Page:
The Negotiator Magazine

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WHY WE DO THE JOB

Russ Moore

The call started like any others- distraught male perched on the ledge of a bridge, threatening to jump.   I was paged, informed of the circumstances, and began the one hour drive to the scene.   On the way, I ran through my mental checklist of things to do once I arrived, i.e.… officer safety, suicide assessment, command and control, etc.   Intermixed within these thoughts, I couldn’t help but think, “What would cause a person to kill himself/want to die?” 

I was the first member of our crisis negotiations team (CNT) to arrive on scene.  I found the bridge blocked by the California Highway Patrol (CHP) and firemen at both ends.   Sheriff deputies were talking to a male subject standing on the ledge of the bridge, 300 feet over a rocky riverbed.   The Incident Commander (IC) briefed me on the subject, “Dave,” who was a psychiatric patient, suffering from a chronic back injury and addicted to painkillers.   His psychitrist was refusing to give him more pain medication and was also currently out of town.   Dave was nearly incoherent with pain and was visibly upset about not being able to talk with his psychitrist.   The IC also informed me that Dave’s wife and son were at the scene and being detained by the CHP at the west end of the bridge. 

One of the deputies’s told me Dave’s car was parked at the west end of the bridge.  I walked to the car to see if it contained any information about him or the situation.    As I approached the car, I saw a crying woman and a young boy nearby, holding each other tightly.   I immediately assumed this was Dave’s family.   Again my mind wondered about how they must feeling, watching their loved one engaged in such high risk behavior.    I looked into Dave’s older compact car and saw a handwritten note on the dashboard of the locked vehicle.   My blood ran cold when I read the opening sentence, “Tammy, I’m sorry for killing myself, but I couldn’t stand the pain any longer.   Tell Josh I love him- Dave.”    I immediately radioed my findings to my teammates and walked back to join in the team briefing and offer my suicide risk assessment.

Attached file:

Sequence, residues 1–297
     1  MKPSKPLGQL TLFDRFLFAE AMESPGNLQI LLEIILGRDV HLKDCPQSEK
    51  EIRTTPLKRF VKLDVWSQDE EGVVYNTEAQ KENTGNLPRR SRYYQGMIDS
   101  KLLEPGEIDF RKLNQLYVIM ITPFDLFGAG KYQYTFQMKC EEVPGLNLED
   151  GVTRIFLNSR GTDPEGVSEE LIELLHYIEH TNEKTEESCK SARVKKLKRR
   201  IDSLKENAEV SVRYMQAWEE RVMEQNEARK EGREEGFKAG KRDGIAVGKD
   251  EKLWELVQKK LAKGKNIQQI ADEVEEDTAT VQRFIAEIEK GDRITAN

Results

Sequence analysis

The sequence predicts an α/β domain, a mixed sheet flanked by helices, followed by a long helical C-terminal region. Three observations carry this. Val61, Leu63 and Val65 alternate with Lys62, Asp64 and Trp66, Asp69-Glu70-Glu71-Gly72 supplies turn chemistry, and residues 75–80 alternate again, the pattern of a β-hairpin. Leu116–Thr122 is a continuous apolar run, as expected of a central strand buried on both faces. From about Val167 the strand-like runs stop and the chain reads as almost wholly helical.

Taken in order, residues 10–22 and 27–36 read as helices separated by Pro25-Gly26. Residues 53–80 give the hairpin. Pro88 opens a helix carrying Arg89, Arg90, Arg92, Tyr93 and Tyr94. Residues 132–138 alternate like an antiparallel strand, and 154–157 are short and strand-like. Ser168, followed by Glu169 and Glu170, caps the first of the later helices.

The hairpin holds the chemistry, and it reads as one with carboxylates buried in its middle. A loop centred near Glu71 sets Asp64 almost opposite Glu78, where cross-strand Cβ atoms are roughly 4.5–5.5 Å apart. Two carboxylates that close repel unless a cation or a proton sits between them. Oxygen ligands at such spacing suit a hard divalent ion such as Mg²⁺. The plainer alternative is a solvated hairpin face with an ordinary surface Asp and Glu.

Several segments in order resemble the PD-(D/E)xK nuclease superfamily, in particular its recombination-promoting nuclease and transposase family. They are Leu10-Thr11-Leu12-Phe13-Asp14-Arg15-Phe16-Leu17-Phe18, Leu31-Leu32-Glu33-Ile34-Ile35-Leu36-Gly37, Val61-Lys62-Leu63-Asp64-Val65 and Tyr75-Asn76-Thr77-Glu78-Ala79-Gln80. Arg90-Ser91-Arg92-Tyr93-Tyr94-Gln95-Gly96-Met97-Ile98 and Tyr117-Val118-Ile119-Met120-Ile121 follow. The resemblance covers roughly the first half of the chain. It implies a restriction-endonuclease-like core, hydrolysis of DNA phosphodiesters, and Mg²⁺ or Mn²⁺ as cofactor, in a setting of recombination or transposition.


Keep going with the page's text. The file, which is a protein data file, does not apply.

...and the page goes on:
As I turned from Dave’s car to walk back up the bridge to the makeshift command post in the center of the bridge, Dave’s wife, Tammy, saw the large gold lettering “NEGOTIATOR” on the back of my jacket and began yelling at me, begging me to stop and talk with her.  I could see the pleading in her eyes and walked to where she was being held by the officers.  I began asking all the standard questions in an attempt to gain as much intelligence as possible about Dave and his situation.    Once I was satisfied I had a relatively clear picture of the situation, I thanked Tammy and turned to walk away.    It was then I felt arms encircle me in a bone-crushing hug.

“He’s a good man,” Tammy cried, as she grabbed me in a hug that squeezed me so hard it made it difficult to breath.  “You have to save him,” she begged, “ Dave’s all we have.”    Tammy’s voice trailed off into a torrent of uncontrollable sobs.   As I held her and assured her I would do everything possible to bring her husband home alive, a little boy came over and gently hugged my leg.   I looked down at this little boy who was being exposed to something children should never witness.   He looked up at me with soulful eyes and said, “Please Mr. Policeman, don’t let my daddy die.”    I broke myself from the family and assured them I would do my best.    “Give Dave this,” Tammy said as she handed me a bottle of Vicodin tablets.  “He’ll do anything for these.”  

I was shaken by this very personal encounter.   I went to my teammates and gave them a briefing on what I had learned from the family interviews.  I also briefed them on my discovery of the suicide note in Dave’s car.     Based on all the factors present in this situation, we advised the I.C. Dave’s risk of suicide was very high. 

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August 2006